Still, if the DTN forecast for July CDD were to materialize, it could mean a pause in the rally near-term, according to the firm.

‘Record-Challenging Heat’ 

In terms of notable regional forward price changes, hubs in the Rockies and Pacific Northwest saw rising basis premiums during the trading period, no doubt fueled by the intense heat expected to blanket the region in the days ahead.

Malin jumped 13.9 cents higher to trade 37.6 cents north of Henry Hub on average, while Northwest Sumas basis tacked on 20.9 cents to climb to plus-34.6 cents. Northwest Rockies basis finished at 26.1 cents north of Henry, up 13.2 cents for the period.

Conditions were “setting the stage for a potential historic heatwave for the Northwest” heading into the weekend, according to the National Weather Service (NWS). 

To close out the work week temperatures of around 10-20 degrees above average were expected. The weekend was expected to bring “numerous record highs,” the forecaster said.

“Excessive heat watches are currently in effect across all of Washington State, much of Oregon and infor far Northern California,” the NWS said Thursday.

Further out in the six- to 10-day window, there appeared to be little relief on the way for the Northwest, according to forecasting from Maxar’s Weather Desk.

Aside from the Southwest, “the rest of the West will remain under above to strong above normal temperatures, especially in the Northwest and northern Rockies,” Maxar said. “Northwest heat is not as strong” during this time frame “as the all-time record-challenging heat expected” in the one- to five-day period.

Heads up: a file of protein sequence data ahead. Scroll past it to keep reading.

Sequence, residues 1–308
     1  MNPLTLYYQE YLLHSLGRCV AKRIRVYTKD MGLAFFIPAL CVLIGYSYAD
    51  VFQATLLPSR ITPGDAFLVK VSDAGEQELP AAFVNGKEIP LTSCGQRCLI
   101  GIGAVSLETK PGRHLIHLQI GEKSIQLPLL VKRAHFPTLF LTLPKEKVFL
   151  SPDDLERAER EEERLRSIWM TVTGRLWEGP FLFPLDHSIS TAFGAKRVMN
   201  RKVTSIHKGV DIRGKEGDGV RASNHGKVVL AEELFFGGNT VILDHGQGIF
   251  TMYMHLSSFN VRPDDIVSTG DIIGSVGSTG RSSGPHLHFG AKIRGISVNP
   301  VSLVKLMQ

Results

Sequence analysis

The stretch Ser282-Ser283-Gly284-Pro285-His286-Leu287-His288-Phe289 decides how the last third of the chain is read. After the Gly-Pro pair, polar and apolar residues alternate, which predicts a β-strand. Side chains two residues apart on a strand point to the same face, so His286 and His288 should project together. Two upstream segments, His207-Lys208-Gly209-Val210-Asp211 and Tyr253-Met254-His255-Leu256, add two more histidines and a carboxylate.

Farther south, California premiums also rose for the June 17-23 trading period. SoCal Citygate July basis shot up 58.5 cents to plus-$4.076 to Henry Hub, while PG&E Citygate gained 28.6 cents to plus-$1.572.

Strengthening Appy Basis

Appalachian hubs were among the other big basis movers during the June 17-23 trading period, with several locations closing the gap on Henry Hub by around 10-15 cents week/week. Eastern Gas South July basis increased 16.4 cents to trade 83.3 cents back of the hub, while Texas Eastern M-2, 30 Receipt gained 14.9 cents to trade at minus 93.3 cents.

Earlier in the week analysts at Wood Mackenzie observed production declines out of Northeast Pennsylvania associated with maintenance on the Tennessee Gas Pipeline (TGP) system.

Maintenance at TGP’s Station 321 has been in effect since June 14, “but planned maintenance at Station 325 began Tuesday, further restricting flows,” Wood Mackenzie analysts Laura Munder and Nicole McMurrer said in a note to clients.

Meanwhile, forecasts suggested downstream cooling demand in the Northeast and Mid-Atlantic was poised to rise by the end of the weekend, with population centers along the Interstate 95 corridor expected to see a return to above-normal temperatures.

Maxar was calling for highs in Boston to go from the low 70s Friday to the mid- to low-90s by Monday. New York City, Philadelphia and Washington, DC, were similarly expected to see highs climb from the 70s and low 80s into the 90s by the end of the weekend.